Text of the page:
With banks in the firing line again over charges and under investigation by the Office of Fair Trading, customers are hoping that the findings will be in their favour. Yet while on the one hand banks are criticised for high charges, they are looking to attract more consumers with the lure of high-interest savings accounts.
These emerged in 2003 and now claim millions of UK customers. However, institutions are still grappling with how to give savers what they want, even though the number of customers opening up an account online has increased.
To find out how schemes are performing, Global Reviews surveyed the preferences of over 1,500 savings account holders across the UK and compared these to what is delivered online by a dozen leading financial institutions.
It shows that both deposit and savings accounts are popular across most demographics in terms of gender, income and location except that in the latter there is a slight dip in the 25 to 44 age sector presumably because young families and mortgages make saving more difficult.
Respondents most value a high interest rate when opening a savings account. Access to money without penalties is the main plus point for one in five, while 15% say that the ability to access money at any time is their primary concern. Higher income earners are even more likely to be swayed by a high interest rate.
Surprisingly perhaps, no or low charges are the main attraction for just 7% of respondents. However, most say they would be turned off an account if fees were introduced.
Fee and interest rate information though is key for nine in ten. This suggests that though the interest rate is the biggest draw, fees and charges heavily influence decision making.
Those quizzed were also asked which channel they used to open their most recent deposit account. There is a clear skew towards online and branches, with telephone banking coming a very poor third.
Higher income earners prefer online accounts – good news for financial institutions which are keen to target them.
It’s all the more remarkable therefore that some major banks and building societies do not allow new customers to open online savings accounts. Organisations such as LloydsTSB, Barclays and Nationwide allow only existing clients to apply for them. Application forms must be completed within the account management website – inaccessible to non-customers.
But many other institutions, including Halifax, Natwest, ING Direct and HSBC’s First Direct, allow new applications to be completed online. Failure to offer applications on the Web is likely to deter prospective customers, especially since there is the added requirement of having to open a current account, as well as the desired savings account. This will impact most on prospective customers with higher incomes and less time to spend on formalities.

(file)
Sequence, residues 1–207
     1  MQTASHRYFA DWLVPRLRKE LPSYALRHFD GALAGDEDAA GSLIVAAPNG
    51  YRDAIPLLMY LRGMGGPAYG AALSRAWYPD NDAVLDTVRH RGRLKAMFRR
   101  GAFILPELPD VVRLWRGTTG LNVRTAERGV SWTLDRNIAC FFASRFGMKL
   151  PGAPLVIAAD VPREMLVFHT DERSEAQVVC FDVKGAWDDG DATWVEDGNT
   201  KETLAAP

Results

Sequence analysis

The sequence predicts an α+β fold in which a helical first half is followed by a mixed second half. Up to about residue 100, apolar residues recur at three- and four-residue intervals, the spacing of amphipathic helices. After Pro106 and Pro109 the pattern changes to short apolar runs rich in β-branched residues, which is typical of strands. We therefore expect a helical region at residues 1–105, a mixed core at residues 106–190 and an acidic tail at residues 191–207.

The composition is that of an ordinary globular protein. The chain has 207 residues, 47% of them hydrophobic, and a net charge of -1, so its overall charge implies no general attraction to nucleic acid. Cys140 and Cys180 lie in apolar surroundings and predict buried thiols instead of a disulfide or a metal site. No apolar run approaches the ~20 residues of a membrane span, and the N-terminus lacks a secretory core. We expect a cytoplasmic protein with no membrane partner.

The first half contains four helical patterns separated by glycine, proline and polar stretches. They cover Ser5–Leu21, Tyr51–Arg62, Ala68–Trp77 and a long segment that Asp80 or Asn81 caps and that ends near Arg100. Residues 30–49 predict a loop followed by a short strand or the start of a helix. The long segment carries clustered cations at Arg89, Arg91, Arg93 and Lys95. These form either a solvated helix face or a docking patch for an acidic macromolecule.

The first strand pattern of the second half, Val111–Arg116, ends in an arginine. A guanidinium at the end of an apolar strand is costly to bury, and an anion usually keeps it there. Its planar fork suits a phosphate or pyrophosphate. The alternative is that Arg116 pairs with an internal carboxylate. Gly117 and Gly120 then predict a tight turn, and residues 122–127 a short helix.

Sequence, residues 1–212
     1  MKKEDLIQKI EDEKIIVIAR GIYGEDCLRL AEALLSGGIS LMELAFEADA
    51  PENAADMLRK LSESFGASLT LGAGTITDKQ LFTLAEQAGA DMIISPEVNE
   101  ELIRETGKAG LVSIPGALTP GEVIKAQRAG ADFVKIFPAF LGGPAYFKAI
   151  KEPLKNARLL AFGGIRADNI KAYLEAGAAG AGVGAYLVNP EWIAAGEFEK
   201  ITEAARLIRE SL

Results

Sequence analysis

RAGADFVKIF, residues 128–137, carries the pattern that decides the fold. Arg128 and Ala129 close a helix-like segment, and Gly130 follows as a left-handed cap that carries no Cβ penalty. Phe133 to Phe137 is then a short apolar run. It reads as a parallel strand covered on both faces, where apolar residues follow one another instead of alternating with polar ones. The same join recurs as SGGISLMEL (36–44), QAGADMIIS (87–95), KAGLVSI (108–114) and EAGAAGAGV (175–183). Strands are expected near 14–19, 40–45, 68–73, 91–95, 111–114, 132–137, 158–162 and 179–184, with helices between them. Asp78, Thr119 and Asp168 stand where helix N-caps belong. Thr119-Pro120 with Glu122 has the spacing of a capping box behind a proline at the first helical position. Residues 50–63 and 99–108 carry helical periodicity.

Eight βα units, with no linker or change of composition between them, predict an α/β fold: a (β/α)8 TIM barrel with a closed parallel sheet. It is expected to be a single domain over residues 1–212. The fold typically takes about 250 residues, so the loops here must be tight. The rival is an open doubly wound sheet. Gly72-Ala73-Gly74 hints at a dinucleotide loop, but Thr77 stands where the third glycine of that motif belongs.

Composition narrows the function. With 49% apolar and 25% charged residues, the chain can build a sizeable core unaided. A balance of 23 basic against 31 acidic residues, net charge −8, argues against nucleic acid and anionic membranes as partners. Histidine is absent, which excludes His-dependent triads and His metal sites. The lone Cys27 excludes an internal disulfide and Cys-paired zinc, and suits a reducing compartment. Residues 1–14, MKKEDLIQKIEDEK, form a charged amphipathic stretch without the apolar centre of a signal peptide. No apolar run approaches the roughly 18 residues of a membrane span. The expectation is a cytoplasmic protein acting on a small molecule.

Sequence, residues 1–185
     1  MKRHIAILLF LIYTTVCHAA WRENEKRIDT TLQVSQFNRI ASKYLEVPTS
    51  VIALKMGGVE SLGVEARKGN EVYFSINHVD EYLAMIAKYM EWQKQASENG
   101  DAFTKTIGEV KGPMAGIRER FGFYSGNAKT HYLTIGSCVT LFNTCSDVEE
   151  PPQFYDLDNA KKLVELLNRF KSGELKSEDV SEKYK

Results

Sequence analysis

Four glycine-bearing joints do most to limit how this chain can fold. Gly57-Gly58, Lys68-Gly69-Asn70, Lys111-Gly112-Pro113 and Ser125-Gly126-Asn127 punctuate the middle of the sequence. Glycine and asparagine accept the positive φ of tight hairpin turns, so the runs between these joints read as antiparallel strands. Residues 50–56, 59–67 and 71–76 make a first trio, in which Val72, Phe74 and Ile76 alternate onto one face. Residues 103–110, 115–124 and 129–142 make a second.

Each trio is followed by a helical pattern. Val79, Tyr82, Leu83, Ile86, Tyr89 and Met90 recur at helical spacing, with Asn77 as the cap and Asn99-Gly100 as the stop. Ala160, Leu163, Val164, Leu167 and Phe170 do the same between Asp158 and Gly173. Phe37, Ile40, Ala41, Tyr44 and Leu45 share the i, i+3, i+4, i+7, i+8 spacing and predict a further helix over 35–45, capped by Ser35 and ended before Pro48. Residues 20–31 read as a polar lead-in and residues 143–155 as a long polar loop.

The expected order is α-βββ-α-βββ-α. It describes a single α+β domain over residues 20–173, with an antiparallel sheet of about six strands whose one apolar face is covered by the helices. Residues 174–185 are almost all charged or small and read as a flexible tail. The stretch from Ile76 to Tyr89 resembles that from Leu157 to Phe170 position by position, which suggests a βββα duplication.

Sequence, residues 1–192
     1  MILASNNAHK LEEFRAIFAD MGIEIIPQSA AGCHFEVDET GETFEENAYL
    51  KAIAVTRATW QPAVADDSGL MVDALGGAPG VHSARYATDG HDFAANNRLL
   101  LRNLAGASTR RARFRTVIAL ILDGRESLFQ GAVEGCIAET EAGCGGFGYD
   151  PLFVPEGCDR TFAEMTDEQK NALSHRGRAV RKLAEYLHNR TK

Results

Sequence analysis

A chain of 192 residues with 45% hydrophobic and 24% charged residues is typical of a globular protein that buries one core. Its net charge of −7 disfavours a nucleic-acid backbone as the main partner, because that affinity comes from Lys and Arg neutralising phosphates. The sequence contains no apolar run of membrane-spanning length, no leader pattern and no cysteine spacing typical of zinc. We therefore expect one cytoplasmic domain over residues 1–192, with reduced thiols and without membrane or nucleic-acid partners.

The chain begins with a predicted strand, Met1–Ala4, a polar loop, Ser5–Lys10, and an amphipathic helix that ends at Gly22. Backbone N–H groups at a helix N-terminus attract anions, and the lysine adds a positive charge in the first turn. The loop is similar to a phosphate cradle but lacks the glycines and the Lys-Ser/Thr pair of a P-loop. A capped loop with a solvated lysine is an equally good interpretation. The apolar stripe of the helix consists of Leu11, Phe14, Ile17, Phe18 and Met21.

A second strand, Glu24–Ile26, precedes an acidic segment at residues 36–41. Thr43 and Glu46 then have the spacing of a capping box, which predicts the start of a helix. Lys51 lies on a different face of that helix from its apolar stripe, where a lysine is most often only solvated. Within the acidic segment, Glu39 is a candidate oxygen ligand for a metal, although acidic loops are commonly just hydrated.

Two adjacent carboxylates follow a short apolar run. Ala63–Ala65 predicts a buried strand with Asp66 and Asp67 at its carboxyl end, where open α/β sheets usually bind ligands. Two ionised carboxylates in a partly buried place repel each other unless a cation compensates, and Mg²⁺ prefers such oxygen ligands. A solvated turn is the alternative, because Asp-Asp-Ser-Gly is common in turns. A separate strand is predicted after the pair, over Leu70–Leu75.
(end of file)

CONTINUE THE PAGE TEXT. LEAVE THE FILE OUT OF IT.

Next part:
Clearly, those failing to offer online applications to new customers are at a disadvantage.
After examining what customers are looking for from banks’ websites relating to online savings accounts, Global Reviews conducted a 450-criteria review of a dozen leading institutions.
There are areas of strength and weakness across the benchmark but even the leading website from ING Direct manages a score of only 60% when it comes to meeting customer preferences.
The best performing category is “navigation and site tools”, which achieves an average score of 74%; ING Direct leads with 91%. The second best performing category is “prospective customers” which scores an average of 56% – at the top of the list here are Barclays (70%) and HSBC (68%).
The weak sectors are customer support and savings-related tools and content – both chalk up averages of around 35%. In each category, the leaders attain between 60% and 70% but a number are marked below 25%.
ING Direct and Egg score more than 90% for their FAQs (frequently asked questions) but four institutions don’t offer these at all. In addition there’s a lack of savings-related calculators across the industry guiding customers towards a savings plan.
Given the preference of all, particularly high-value, customers for completing applications online, the fact that only about two-thirds of the 12 accounts surveyed offer this facility is disappointing. This would seem to signal serious opportunities to improve the customer experience.
To encourage customers to complete applications, the correct information needs to be presented in the introduction. Halifax and Natwest achieve more than 60% in this department but the industry average is only 37%. Failure to tell prospective customers how long the application process will take and what material they should have handy can lead only to frustration and abandonment.
Informing customers about what happens after the completed form is submitted and how long it will take for the account to be set up should also be made clear.
Opportunities exist for institutions willing to fill the gap between today’s customer experience and what customers want. Online application forms are only the most obvious example of where an opening for industry leadership exists.
A greater alignment of customer needs with what institutions offer is the challenge lying before the industry.
Adam Goodvach, UK director of Global Reviews, contributed to this week’s Trends Insight